Herod, when he had privileged called the wise men, inquired of them diligently what time the star appeared, and he sent them to Bethlehem and said, go and search diligently for the young child, and when ye have found Him, bring me word again that I may come and worship him also. There’s a lot of lessons there. You imagine I’m like, hey, Tyler, I’m a little too lazy to build my own testimony to seek out Jesus, so I’m going to send you on an errand. You go build your life, go find Jesus and then tell me all about it, and I’ll just benefit from your testimony without doing the work myself.
Yeah. His whole life seems to be using slaves and servants to do things. We call him Herod the Great in history and in biblical studies because there haven’t been very many people who have been greater builders of cities, of fortresses, of the temple. He is one of the greatest builders of all time from the beginning of time, no question, but he’s got to be one of the worst as far as his interactions and relationships with people. This is the same guy who will talk about him a little bit later in a different episode. He’s going to kill a couple of his own children, his favorite wife. He’s got problems, he’s got issues, and we see it coming to the biggest problem of his whole life right here in chapter two.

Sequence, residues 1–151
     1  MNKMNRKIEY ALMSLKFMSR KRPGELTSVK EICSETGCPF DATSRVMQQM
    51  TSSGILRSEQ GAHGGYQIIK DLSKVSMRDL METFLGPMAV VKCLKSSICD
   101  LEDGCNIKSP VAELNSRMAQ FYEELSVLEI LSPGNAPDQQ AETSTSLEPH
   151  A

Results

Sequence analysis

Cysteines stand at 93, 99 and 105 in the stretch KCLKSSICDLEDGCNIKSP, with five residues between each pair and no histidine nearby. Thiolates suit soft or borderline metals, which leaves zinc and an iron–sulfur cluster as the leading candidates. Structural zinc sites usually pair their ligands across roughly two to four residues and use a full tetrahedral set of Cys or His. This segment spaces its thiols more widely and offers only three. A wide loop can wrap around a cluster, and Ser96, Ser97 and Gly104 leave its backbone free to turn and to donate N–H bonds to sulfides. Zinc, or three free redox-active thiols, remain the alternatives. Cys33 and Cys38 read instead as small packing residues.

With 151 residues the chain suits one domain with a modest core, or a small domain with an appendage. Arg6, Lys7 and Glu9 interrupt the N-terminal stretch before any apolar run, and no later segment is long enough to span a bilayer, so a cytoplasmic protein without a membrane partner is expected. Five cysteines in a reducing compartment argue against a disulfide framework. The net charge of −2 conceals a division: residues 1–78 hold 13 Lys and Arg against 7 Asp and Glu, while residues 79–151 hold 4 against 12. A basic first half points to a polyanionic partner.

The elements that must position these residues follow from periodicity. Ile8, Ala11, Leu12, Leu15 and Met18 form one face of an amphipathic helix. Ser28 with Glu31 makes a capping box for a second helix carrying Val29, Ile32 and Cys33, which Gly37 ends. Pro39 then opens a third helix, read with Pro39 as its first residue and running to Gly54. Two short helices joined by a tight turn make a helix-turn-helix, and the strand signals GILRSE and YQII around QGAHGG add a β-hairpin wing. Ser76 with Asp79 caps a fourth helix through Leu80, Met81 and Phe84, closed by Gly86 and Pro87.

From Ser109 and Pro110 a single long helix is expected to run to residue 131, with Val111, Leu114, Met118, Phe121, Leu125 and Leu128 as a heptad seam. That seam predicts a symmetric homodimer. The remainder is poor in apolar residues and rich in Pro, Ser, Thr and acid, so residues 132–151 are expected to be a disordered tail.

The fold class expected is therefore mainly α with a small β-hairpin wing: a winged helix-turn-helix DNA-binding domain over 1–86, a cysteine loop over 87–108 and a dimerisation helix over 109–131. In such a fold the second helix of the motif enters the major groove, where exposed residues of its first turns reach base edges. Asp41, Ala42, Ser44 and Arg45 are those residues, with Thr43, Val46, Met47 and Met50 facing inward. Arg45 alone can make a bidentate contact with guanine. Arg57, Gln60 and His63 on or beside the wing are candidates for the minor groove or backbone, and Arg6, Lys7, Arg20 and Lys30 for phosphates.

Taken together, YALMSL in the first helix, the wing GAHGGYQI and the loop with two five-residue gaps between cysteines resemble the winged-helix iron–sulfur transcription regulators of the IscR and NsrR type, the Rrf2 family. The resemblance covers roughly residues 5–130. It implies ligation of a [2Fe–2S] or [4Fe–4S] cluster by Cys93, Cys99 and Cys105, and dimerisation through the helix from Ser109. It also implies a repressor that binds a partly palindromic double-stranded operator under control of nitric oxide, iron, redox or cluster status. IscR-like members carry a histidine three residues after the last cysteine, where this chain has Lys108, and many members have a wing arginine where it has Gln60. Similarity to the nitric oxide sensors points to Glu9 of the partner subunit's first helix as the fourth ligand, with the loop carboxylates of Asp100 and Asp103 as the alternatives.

Some people I’ve talked to about this think that he must have been a bit crazy to have been so, like, wildly extreme in the way he treated people. But the lesson still remains that he was not willing to come and see. If you think about the very first words we hear from Jesus’s mouth in the Gospel of John, come and see. Fair didn’t want to do it. He didn’t want to come see the christ child. So it was an invitation for us. Will we be like the magi taking the time to do the effort so we can find Jesus in our lives and not just wait for other people to do it for us?